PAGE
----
The spending for weddings increases year after year. Yet we insist that we will be different: Of course we won’t spend that much. Of course we’ll have a budget. Of course we’ll have a small simple wedding. Sure we will.

So what should we do?
So knowing the astonishingly high costs of weddings, what can we do?

I see three choices:

Cut costs and have a simpler wedding. Most people, frankly, are not discplined enough to do this. I don’t say this pejoratively, but statistically: Most people will have a wedding that costs tens of thousands of dollars. (If you want to debate the difference between the average or median amount, see here or below for a simulated wedding budget.)

Do nothing and figure it out later. Most people do this. I spoke to a recently married person I know who spent the last 8 months planning her wedding, which became a very expensive day. Now, months later, he and his wife don’t know how to deal with the debt resulting from the wedding. If you do this, you are a moron. But you are in good company since almost everybody else does it, too.

Budget and plan for the wedding. Ask 10 people which of these choices they’ll do, and every single one of them will pick this one. Then ask them how much money they’re saving every month for their wedding (whether they’re engaged or not). I guarantee the sputtering and silence will be worth it. (Leave a comment describing what happens!) This is a great idea in theory, but is almost never followed in practice.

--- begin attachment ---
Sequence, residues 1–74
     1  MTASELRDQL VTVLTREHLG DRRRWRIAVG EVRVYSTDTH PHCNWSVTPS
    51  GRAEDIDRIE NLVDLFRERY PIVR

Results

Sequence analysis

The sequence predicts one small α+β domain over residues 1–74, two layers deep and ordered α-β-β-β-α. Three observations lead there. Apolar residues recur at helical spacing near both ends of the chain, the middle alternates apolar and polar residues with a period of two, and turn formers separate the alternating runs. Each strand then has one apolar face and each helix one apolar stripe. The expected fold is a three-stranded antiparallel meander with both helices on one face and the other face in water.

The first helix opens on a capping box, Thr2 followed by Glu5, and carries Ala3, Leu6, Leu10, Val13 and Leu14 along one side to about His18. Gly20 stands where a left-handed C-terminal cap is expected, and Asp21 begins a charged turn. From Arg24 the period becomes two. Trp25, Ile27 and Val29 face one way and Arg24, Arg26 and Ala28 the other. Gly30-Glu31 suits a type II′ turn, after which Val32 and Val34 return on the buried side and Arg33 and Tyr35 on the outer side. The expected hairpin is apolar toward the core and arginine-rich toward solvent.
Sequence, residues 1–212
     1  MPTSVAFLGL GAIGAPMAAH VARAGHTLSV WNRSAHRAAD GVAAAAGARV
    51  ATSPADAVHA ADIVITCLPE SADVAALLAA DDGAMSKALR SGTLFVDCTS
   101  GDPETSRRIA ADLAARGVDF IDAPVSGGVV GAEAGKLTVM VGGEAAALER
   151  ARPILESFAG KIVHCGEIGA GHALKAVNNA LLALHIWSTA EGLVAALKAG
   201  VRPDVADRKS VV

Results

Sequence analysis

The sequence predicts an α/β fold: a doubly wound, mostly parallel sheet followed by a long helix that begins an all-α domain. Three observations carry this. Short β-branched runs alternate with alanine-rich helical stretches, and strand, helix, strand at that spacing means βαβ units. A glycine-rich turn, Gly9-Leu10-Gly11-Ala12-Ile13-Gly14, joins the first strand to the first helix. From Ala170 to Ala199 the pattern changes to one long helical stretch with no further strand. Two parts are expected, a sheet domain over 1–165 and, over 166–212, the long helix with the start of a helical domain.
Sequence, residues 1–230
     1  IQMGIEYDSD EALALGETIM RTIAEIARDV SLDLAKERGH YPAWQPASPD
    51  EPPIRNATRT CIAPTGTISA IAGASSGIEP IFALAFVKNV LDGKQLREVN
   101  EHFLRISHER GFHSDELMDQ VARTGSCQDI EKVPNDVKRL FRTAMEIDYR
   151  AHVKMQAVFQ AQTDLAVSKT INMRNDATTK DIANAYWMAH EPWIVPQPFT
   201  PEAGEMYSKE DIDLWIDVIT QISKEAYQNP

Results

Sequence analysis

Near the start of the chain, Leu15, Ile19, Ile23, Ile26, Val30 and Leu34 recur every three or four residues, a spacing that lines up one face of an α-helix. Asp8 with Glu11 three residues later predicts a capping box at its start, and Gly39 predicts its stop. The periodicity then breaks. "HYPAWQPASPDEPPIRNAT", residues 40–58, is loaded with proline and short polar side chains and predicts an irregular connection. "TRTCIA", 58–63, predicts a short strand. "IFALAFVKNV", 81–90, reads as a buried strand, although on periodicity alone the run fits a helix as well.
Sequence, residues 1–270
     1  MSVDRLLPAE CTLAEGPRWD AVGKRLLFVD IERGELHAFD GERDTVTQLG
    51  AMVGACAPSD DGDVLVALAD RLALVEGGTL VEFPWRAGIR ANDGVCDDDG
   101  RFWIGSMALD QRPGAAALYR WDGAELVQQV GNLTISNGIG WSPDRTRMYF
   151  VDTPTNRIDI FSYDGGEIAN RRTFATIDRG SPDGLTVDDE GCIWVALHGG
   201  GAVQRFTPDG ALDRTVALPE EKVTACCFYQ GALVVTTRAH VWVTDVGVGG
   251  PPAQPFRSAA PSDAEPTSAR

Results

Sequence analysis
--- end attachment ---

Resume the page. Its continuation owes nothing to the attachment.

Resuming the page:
We actually have all the information we need: The average age at marriage is about 27 for men and 26 for women. We know that the average amount of a wedding is about $28,000. So, if you agree with this choice — and you don’t want to go into debt for your wedding — here’s how much you should be saving (RSS readers, click here):

Most of us haven’t even thought about saving this amount for our weddings. Why not? What do we do instead?

We say things like,

  • “Wow, that’s a lot. There’s no way I can save that. Maybe my parents will help…”
  • My wedding won’t be like that. It’ll be simple and elegant”
  • “I’ll think about it when I get engaged”
  • “Luckily, I won’t have to pay for it.” (Who will? Is your future spouse thinking like this?)
  • “I have to marry a rich guy” (I’ve heard people say this and and they were only half-joking)

More commonly, though, we don’t think about this at all: one of the most major expenditures of our lifetimes, which will almost certainly arrive in the next few years, and we don’t even sit down for 10 minutes to think about it. Something’s broken here.

Here’s a sample expense sheet of a wedding. Try playing around with it (RSS readers, click here):